t. devise procedures to periodically review and assess the measures taken, in order to improve on them or replace them with others, depending on their success and changes to requirements;

13. Invites the international and national associations of local and regional authorities (in particular Eurocities, the Council of European Municipalities and Regions, United Cities and Local Governments) to actively promote the role of local and regional authorities in the prevention of trafficking and the protection of victims;

14. In the framework of its future work on the strategies and programmes to be developed to successfully combat trafficking in human beings:

a. invites its Committee on Social Cohesion to continue its activities in this area along the lines and principles set out in this resolution, in co-operation with Directorate General III – Social Cohesion, and the relevant committees of the Parliamentary Assembly of the Council of Europe and the intergovernmental sector, in particular the Steering Committee for Equality between Women and Men (CDEG);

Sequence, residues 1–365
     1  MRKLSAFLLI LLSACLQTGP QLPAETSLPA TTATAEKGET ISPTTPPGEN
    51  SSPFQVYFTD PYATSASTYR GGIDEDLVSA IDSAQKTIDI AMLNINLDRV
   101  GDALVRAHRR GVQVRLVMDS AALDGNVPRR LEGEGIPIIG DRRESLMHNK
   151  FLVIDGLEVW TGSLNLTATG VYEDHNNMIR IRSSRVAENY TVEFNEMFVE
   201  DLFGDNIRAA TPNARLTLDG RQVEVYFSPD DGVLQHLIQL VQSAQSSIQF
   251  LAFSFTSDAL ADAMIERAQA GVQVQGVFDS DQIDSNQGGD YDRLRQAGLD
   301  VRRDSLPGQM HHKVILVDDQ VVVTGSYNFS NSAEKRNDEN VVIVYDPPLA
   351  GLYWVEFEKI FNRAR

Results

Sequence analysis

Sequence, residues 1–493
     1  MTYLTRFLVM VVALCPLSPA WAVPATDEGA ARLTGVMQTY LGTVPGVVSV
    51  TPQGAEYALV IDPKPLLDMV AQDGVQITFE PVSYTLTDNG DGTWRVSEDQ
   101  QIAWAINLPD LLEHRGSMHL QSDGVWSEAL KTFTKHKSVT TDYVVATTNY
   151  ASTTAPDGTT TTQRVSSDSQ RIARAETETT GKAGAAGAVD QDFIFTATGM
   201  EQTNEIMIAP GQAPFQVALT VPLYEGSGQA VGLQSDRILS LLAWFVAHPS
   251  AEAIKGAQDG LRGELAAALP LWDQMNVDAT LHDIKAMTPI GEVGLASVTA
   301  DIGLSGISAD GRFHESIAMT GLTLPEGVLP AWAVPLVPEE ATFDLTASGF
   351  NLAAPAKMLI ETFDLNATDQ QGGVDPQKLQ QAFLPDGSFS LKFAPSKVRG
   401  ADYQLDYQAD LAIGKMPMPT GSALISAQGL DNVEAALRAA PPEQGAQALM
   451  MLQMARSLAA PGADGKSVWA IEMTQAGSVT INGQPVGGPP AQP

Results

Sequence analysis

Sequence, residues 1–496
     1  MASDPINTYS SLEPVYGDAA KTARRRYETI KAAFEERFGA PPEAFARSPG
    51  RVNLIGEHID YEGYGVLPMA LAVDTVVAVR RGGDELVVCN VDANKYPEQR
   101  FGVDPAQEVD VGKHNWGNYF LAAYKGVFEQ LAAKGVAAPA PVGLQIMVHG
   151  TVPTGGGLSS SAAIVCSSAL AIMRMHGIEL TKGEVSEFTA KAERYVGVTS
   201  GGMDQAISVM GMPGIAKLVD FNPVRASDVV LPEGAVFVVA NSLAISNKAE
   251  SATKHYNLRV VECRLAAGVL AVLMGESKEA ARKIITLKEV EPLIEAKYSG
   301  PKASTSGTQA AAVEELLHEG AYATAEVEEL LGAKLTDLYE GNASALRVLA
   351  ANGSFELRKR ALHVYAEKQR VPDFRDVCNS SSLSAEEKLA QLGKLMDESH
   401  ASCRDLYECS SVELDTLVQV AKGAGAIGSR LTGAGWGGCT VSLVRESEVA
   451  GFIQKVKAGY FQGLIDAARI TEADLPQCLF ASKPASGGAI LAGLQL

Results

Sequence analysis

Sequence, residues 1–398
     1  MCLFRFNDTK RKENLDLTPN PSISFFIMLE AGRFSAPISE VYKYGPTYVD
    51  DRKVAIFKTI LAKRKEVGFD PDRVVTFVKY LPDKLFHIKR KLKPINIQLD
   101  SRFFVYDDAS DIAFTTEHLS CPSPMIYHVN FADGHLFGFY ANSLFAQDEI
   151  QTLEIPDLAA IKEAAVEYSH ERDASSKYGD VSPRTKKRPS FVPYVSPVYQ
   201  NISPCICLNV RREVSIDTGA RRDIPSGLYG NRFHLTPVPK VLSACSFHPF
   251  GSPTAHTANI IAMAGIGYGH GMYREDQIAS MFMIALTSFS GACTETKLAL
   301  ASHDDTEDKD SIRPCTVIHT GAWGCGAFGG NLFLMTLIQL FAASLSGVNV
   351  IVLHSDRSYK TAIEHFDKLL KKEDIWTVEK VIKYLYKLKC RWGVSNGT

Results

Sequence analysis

b. invites the committee to prepare a hearing on this issue for the Congress 2005 autumn session for the purpose of formulating a set of guidelines for action by local and regional authorities to combat trafficking for the purposes of sexual exploitation, and to this end;

c. invites the Bureau of the Congress to approve the preparation and subsequent publication of a practical guide, setting forth these guidelines for local and regional authorities.

1. Debated and adopted by the Congress on 2 June 2005, 3rd Sitting (see Document CG (12) 9, draft resolution presented by S. Barnes (United Kingdom, L, EPP/CD), rapporteur).